Democrat on the Foreign Affairs Committee, said Trump has been unwilling to 
respond seriously to Russia's belligerence, "leaving Congress with the urgent 
responsibility to hold Vladimir Putin accountable."

   McCarthy had pushed to add the North Korea sanctions to the package. The 
House had overwhelmingly passed legislation in May to hit Pyongyang with 
additional economic penalties, but the Senate had yet to take up the bill.

   The Senate last month passed sanctions legislation that targeted only Russia 
and Iran. Congressional aides said Senate Republicans may resist adding the 
North Korea penalties, but it remained unclear whether those concerns would 
derail the legislation. The aides were not authorized to speak publicly and 
requested anonymity to discuss internal deliberations.

   Although the legislation has widespread support, the bill stalled after 
clearing the Senate more than five weeks ago due to constitutional questions 
and bickering over technical details.

   The House and Senate negotiators addressed concerns voiced by American oil 
and natural gas companies that sanctions specific to Russia's energy sector 
could backfire on them to Moscow's benefit. The bill raises the threshold for 
when U.S. firms would be prohibited from being part of energy projects that 
also included Russian businesses.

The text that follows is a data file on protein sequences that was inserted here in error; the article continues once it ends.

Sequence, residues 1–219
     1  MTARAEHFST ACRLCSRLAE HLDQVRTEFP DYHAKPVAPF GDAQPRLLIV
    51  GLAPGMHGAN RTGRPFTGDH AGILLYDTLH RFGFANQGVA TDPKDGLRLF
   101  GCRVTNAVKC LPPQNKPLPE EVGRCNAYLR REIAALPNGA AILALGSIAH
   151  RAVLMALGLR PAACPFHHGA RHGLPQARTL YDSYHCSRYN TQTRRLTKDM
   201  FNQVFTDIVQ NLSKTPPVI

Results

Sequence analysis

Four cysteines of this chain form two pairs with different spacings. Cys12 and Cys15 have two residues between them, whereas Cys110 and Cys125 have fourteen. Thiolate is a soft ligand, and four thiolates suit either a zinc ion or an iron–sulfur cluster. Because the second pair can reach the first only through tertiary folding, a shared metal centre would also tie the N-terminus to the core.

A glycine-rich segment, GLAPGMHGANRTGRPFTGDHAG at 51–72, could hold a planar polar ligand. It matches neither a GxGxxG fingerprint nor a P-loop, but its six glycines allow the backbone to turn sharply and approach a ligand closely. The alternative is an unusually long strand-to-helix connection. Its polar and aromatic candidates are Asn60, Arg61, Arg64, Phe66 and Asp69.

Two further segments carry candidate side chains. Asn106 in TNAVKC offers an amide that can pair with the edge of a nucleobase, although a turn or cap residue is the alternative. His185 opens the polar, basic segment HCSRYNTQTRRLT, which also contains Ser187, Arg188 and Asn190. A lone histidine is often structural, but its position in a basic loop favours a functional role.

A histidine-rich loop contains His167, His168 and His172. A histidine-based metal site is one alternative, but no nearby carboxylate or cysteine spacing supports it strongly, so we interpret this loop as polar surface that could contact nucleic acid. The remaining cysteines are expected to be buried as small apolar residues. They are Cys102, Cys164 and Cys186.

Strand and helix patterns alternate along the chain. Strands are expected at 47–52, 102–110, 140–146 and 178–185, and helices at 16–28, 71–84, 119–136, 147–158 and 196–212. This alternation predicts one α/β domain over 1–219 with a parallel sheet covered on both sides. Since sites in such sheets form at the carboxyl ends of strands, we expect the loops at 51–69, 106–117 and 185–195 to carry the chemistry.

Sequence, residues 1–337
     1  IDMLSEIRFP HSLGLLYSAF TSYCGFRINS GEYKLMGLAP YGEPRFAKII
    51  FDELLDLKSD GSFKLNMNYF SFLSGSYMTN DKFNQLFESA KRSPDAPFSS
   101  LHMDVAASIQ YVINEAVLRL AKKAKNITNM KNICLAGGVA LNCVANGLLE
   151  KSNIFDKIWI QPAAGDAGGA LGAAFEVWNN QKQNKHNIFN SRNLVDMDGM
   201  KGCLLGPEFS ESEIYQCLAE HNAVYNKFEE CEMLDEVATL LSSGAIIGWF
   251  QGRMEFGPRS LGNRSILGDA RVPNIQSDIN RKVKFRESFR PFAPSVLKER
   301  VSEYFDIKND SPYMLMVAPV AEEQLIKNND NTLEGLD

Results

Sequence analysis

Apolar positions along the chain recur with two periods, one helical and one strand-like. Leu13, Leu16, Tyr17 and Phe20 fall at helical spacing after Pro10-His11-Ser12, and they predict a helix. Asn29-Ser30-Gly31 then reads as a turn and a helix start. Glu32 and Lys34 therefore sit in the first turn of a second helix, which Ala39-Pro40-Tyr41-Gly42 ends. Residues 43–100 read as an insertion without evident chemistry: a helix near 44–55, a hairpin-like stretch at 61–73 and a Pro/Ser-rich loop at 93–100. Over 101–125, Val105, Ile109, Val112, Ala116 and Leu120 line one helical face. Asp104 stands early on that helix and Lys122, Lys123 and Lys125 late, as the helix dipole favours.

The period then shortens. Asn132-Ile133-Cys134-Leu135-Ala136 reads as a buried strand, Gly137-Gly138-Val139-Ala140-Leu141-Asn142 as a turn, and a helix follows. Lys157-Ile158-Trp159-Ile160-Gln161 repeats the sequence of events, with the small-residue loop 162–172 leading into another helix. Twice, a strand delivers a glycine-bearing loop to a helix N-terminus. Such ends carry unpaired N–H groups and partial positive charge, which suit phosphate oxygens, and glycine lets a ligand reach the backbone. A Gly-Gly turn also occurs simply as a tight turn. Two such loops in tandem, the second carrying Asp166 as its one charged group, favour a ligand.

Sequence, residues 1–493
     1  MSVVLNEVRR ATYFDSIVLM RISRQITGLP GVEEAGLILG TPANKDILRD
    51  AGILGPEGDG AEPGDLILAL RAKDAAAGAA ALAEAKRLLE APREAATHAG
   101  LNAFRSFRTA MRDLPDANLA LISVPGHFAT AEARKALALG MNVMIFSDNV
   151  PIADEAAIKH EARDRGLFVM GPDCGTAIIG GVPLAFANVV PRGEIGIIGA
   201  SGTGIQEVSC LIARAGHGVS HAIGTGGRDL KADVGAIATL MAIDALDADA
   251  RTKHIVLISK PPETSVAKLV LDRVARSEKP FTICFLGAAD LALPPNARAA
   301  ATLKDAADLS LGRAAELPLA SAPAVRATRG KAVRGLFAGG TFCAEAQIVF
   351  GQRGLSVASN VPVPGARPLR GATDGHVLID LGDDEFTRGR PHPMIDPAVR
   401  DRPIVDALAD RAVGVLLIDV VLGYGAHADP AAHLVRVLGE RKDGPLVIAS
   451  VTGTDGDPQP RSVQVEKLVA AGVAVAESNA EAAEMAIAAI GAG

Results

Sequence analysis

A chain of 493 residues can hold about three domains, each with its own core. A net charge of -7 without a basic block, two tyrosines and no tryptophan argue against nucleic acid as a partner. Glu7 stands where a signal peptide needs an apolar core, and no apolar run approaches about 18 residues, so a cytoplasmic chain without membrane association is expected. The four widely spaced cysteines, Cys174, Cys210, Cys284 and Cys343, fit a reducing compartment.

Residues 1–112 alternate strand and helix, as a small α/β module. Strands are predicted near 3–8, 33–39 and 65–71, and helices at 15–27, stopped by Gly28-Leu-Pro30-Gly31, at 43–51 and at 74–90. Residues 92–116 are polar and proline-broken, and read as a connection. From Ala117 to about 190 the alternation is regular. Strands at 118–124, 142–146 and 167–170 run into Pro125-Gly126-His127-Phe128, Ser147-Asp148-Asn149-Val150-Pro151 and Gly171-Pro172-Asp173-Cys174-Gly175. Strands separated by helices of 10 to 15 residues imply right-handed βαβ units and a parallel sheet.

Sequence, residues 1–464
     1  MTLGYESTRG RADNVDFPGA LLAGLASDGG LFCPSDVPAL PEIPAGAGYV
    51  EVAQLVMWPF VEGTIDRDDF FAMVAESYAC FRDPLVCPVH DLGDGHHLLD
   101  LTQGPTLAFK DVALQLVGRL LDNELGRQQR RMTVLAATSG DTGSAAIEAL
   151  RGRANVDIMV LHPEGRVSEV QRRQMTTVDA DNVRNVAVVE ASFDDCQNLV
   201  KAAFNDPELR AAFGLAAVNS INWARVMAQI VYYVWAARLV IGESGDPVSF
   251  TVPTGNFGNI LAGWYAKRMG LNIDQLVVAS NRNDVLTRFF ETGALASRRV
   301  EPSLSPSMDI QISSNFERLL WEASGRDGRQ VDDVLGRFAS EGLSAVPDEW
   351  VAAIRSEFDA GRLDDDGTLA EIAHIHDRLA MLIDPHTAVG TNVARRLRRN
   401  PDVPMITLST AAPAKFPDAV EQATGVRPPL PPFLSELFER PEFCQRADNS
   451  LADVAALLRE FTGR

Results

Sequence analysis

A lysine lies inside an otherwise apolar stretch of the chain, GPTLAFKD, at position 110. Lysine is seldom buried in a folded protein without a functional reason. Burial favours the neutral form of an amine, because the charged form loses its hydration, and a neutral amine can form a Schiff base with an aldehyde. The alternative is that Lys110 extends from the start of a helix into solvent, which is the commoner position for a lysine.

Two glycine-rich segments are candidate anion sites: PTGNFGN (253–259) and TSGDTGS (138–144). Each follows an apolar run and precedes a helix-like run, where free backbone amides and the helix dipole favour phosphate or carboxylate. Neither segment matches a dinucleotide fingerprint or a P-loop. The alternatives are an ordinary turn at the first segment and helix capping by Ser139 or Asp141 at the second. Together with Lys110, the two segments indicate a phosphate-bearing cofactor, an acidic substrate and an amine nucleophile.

McCarthy and Royce said other revisions resolved concerns that the sanctions 
could have unintentionally complicated the ability of America's European allies 
to maintain access to energy resources outside of Russia.

   The congressional review requirement in the sanctions bill is styled after 
2015 legislation pushed by Republicans and approved in the Senate that gave 
Congress a vote on whether then-President Barack Obama could lift sanctions 
against Iran. That measure reflected Republican complaints that Obama had 
overstepped the power of the presidency and needed to be checked by Congress.

   According to the bill, Trump is required to send Congress a report 
explaining why he wants to suspend or terminate a particular set of sanctions. 
Lawmakers would then have 30 days to decide whether to allow the move or reject 

   The North Korea sanctions bill included in the package bill cleared the 
House by a 419-1 vote, and House Republicans became frustrated the Senate 
didn't move quickly on the measure given the vast bipartisan support it 
received. The measure bars ships owned by North Korea or by countries that 
refuse to comply with U.N. resolutions against it from operating in American 
waters or docking at U.S. ports. Goods produced by North Korea's forced labor 
would be prohibited from entering the United States.

   The sanctions package imposes mandatory penalties on people involved in 
Iran's ballistic missile program and anyone who does business with them. The 
measure would apply terrorism sanctions to the country's Revolutionary Guards 
and enforce an arms embargo.